Victorine Du Pont Homsey was born in Grosse Point, MI, the daughter of Antoince Biderman du Pont, Jr. and Mary Ethel Clark du Pont. She earned her undergraduate degree at Wellesley College in 1923, followed by an M. Arch. in 1925 from the Cambridge School of Architecture (Smith College). She presumably met her future husband and partner, Samuel E. Homsey while in Cambridge, and they married in 1929. They immediately began collaborating in an architectural firm (Victorine & Samuel Homsey) which they moved to Wilmington, DE, in 1935. This firm was succeeded by Victorine & Samuel Homsey, Inc. in 1962, and the Homseys retired in 1979.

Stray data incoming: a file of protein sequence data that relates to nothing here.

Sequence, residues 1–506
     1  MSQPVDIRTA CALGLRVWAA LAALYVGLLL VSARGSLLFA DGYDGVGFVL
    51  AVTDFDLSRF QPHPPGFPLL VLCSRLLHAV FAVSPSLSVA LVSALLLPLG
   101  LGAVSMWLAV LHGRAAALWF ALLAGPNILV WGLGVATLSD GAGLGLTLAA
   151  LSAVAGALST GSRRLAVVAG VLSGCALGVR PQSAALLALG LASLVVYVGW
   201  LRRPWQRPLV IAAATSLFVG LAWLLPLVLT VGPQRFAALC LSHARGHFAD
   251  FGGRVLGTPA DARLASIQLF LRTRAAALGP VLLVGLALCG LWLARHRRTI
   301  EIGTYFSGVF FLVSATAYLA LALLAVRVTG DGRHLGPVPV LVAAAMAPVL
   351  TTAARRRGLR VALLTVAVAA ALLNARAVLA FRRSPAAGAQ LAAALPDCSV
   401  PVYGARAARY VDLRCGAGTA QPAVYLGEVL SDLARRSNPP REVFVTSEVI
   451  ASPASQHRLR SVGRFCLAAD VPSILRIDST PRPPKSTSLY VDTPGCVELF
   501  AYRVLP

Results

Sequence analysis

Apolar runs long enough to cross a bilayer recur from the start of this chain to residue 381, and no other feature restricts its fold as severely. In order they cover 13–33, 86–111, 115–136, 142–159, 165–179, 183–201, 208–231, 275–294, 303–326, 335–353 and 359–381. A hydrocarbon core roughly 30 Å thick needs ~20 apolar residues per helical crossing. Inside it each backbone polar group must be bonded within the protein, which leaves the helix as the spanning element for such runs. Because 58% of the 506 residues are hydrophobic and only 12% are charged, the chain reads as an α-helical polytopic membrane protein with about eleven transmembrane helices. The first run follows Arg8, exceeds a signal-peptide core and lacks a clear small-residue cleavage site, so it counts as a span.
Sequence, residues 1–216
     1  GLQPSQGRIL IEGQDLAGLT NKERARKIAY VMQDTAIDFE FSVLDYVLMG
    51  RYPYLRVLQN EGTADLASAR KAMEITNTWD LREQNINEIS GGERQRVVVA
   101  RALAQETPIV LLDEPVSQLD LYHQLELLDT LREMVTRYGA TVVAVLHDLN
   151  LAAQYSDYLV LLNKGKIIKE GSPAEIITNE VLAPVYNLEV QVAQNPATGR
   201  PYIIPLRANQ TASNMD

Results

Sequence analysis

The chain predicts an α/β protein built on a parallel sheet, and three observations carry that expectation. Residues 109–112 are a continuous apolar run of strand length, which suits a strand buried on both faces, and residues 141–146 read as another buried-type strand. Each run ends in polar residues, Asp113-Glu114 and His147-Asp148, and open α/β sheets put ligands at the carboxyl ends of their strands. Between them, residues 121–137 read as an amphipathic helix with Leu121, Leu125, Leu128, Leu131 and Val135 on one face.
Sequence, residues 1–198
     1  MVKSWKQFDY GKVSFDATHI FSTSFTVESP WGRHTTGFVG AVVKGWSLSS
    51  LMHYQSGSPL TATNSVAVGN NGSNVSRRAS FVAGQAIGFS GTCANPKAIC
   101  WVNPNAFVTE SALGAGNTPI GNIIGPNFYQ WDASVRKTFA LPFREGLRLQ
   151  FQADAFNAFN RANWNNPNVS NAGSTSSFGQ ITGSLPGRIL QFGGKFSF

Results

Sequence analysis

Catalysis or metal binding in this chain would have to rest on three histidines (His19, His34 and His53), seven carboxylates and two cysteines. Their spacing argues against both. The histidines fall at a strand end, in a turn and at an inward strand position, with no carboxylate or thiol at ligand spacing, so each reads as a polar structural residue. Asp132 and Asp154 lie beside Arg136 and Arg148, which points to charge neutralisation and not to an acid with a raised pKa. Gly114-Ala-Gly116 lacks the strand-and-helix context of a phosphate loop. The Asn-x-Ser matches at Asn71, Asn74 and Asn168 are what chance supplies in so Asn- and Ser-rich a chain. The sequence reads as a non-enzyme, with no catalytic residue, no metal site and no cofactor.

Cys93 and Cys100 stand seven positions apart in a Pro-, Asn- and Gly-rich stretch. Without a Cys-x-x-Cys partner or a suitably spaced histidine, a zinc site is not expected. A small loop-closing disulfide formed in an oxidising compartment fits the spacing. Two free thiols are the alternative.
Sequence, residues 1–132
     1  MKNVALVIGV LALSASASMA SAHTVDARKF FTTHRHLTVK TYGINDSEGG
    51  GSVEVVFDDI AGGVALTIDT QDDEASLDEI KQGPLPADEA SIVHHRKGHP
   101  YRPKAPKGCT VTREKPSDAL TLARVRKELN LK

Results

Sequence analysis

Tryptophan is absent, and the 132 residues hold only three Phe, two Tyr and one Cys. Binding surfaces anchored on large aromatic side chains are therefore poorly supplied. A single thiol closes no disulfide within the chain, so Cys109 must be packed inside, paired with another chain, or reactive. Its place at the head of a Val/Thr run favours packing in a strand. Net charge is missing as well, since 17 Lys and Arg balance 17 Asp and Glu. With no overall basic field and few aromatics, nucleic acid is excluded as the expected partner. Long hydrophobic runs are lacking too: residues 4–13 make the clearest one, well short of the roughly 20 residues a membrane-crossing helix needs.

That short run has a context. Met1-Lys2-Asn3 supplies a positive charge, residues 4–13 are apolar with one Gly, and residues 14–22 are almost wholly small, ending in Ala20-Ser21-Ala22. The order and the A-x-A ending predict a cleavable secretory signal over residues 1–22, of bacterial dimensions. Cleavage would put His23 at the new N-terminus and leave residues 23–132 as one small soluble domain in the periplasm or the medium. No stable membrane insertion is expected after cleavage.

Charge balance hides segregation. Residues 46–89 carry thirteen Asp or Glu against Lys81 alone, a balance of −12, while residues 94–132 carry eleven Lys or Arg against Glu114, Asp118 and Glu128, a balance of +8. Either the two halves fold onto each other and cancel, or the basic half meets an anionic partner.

Locally she was a founding member of the Delaware Center for Horticulture and was a member of the Greater Wilmington Development Council, Community House, Inc., the Garden Club of Wilmington, and the National Society of Colonial Dames of America, Delaware Chapter. Victorine Homsey was made a fellow of the American Institute of Architects in 1967. She further served as the chair of the Restoration Committee of the Octagon House of the American Institute of Architects and was a member of the advisory board of the Historic American Buildings Survey. Under President Ford, she also served on the Washington Fine Arts Commission.
Sandra L. Tatman, and
Emily T. Cooperman.
Clubs and Membership Organizations
- American Institute of Architects (AIA)
- Wellesley College
- Cambridge School of Architecture
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